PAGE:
Referring now to FIGS. 4 and 5, the motor support plate 158 includes a first peripheral edge flange 162 having a pair of tabs 164 that extend completely through corresponding slots 166 formed in the sidewall 122 of the fan housing 114. The interaction between the pair of tabs 164 formed on the motor support plate 158 and the slots 166 formed in the sidewall 122 aid in holding the motor support plate 158 within the fan housing 114 against the force of gravity.

Once the pair of tabs 164 have been inserted into the slots 166 in the sidewall 122, the opposite edge of the motor support plate 158 can be pushed upward, as illustrated by arrow 168, until an angled tab 170 formed on a second peripheral edge flange 172 engages a slot 174 formed in the sidewall 120. When the angled tab 170 is received within the slot 174, the motor support plate 158 is securely held within the open interior of the fan housing 114 between the rectangular sidewalls 120 and 122.

When the motor support plate 158 is installed within the fan housing 114, as best illustrated in FIG. 5, a detent 176 stamped into the motor support plate 158 contacts the bottom edge surface 148 of the fan scroll 144. The detent 176 spaces the remaining portions of the motor support plate 158 slightly above the bottom edge surface 148 of the fan scroll 144. The pre-load notch 150 formed on the fan scroll 144 creates a larger physical separation between the motor support plate 158 and the fan scroll 144 in that area, which allows the motor support plate 158 to move slightly upward, as illustrated by arrow 168, such that the angled tab 170 can be removed from slot 174 to permit the motor support plate 158 to be removed from within fan housing 114. Without the decreased height of the fan scroll 144 along the area identified by the pre-load notch 150, removal of the motor support plate 158 would be much more difficult due to the nearly identical dimensions of the fan housing 114 and the motor support plate 158.

Referring back to FIG. 4, the exhaust fan 110 includes a receptacle panel 178 that supports at least one electrical receptacle 180 within the fan housing 114. In the embodiment of the invention illustrated, the single electrical receptacle 180 receives the plug 181 of the motor 156. An additional electrical receptacle 180 could also be supported by the receptacle panel 178 to provide power for an optional lighting assembly (not shown). Electrical receptacle 180 includes a pair of wires 182 that are connected to the supply of electricity for the home in which the exhaust fan 110 is installed to provide power for the fan. In accordance with the present invention, the receptacle panel 178 is removably mounted within the fan housing 114 and can be removed and installed without the aid of any tools. The wires 182 are field-connected to power source wires that pass through a wire plate 184 connected to both the base wall 124 and the sidewall 120. The wire plate 184 includes a horizontal access hole 186 and a vertical access hole 188 to permit the power source wires to pass through either the base wall 124 or the sidewall 120. The vertical access hole 188 is shown in the preferred embodiment of the invention as including a knockout that can be removed if vertical wiring access is required. The wire plate 184 can be removed from the fan housing 114 to provide unlimited wiring access from the outside of the fan housing 114. The wire plate 184 can be reverse-mounted to the fan housing 114 to permit the power source wires to pass through either the base wall 124 or the sidewall 120 without removing the knockout.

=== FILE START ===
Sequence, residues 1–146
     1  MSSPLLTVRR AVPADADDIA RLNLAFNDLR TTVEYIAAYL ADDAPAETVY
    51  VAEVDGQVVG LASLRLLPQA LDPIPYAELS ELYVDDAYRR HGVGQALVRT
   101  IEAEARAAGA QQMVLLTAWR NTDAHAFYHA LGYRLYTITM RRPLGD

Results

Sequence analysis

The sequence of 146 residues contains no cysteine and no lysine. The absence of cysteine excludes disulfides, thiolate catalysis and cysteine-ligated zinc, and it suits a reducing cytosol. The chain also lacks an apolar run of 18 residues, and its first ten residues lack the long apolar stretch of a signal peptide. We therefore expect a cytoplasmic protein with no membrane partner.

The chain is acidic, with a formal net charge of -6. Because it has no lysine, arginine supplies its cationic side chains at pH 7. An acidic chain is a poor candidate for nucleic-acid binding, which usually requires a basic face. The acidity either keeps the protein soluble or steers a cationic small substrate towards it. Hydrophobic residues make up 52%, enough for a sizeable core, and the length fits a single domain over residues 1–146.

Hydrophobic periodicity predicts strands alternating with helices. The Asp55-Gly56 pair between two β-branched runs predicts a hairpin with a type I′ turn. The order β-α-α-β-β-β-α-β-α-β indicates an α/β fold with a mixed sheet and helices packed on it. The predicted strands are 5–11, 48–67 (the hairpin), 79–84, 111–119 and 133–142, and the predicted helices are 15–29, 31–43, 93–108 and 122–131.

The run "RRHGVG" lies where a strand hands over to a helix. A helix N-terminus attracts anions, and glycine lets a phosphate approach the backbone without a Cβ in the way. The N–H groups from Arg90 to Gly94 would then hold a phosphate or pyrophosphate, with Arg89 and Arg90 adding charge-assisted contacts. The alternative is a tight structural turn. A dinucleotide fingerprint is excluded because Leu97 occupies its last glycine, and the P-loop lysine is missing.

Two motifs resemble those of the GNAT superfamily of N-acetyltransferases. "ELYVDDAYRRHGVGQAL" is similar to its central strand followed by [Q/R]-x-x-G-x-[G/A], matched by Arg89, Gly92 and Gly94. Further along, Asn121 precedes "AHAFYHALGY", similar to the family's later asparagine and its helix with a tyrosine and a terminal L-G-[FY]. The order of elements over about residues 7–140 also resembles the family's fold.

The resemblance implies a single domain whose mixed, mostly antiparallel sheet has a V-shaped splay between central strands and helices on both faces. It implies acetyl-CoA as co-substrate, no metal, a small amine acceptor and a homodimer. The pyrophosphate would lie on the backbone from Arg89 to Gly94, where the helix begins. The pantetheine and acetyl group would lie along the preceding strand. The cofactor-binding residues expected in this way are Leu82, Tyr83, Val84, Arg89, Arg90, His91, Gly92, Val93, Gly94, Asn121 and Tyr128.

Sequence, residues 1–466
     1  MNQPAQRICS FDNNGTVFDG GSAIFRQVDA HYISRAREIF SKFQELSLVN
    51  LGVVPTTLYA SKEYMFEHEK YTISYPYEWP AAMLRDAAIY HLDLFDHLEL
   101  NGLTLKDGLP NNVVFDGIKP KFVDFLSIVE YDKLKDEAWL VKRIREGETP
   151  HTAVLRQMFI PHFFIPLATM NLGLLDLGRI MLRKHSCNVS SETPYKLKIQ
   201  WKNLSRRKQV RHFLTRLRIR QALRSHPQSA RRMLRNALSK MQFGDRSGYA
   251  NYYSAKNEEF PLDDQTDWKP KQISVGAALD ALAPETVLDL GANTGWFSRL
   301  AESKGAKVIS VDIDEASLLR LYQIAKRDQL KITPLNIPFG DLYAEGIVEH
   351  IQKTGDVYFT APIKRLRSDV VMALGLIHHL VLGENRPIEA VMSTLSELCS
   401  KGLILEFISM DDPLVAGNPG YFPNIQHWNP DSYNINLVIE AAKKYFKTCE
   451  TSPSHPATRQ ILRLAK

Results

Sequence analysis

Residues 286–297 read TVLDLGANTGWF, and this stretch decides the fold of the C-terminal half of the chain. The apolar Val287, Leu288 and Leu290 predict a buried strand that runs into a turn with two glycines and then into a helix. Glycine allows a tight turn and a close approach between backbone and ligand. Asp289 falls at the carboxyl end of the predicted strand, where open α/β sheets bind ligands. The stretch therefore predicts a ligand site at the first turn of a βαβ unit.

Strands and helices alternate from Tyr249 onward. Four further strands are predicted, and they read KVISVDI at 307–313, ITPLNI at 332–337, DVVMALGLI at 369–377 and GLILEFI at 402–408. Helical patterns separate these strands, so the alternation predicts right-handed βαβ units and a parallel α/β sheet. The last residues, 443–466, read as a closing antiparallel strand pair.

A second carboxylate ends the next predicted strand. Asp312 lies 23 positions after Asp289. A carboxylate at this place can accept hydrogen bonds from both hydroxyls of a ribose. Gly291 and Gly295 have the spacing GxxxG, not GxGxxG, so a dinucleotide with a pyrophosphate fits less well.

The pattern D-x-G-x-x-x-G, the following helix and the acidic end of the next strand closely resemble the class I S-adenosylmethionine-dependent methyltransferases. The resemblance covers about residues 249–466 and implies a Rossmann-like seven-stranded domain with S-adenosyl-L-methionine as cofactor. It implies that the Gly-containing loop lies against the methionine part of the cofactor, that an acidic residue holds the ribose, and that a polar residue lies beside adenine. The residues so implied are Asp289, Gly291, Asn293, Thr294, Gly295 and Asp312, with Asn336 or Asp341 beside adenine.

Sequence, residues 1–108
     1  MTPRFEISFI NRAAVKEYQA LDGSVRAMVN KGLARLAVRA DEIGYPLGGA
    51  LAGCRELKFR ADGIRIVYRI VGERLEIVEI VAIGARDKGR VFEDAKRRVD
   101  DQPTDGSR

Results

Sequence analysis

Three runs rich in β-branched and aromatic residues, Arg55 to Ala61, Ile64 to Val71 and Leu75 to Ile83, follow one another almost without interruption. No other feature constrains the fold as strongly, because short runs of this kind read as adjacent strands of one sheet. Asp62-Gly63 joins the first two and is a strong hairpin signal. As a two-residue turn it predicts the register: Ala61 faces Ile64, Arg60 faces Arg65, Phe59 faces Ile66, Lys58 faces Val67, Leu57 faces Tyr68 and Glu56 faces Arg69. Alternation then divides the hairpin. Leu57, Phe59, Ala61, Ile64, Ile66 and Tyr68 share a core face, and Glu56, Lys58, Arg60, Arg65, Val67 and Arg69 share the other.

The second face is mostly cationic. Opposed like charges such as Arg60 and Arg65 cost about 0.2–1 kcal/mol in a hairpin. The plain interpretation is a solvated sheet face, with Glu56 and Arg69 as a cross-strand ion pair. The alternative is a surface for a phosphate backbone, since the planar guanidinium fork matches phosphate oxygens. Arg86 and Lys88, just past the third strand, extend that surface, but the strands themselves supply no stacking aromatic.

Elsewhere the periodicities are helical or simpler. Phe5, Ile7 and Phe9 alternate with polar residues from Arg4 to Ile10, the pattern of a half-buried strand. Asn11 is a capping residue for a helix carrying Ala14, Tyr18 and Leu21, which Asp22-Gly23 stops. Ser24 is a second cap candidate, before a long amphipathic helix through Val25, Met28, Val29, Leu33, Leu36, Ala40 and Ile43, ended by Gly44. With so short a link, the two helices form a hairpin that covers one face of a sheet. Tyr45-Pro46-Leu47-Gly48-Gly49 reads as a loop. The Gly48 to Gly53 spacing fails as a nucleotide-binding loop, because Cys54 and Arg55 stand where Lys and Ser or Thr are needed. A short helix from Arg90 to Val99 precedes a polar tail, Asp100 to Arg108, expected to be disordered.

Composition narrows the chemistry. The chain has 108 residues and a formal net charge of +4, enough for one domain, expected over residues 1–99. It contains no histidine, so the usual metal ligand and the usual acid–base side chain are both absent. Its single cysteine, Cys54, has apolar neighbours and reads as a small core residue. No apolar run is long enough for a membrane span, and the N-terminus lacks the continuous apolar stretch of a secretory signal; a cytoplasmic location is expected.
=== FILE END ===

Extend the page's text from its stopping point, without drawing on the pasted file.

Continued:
Referring now to FIG. 11, the receptacle panel 178 generally includes a horizontal base plate 190 and a first locking tab 192 that extends vertically from the base plate 190. Locking tab 192 extends through a mounting slot 194 formed in the front wall 118 to aid in holding the receptacle panel 178 in contact with the front wall 118. Additionally, a pair of ears 196 extend vertically from the base plate 190 and pass through corresponding slots in the front wall 118 to aid in holding the receptacle panel 178 in place.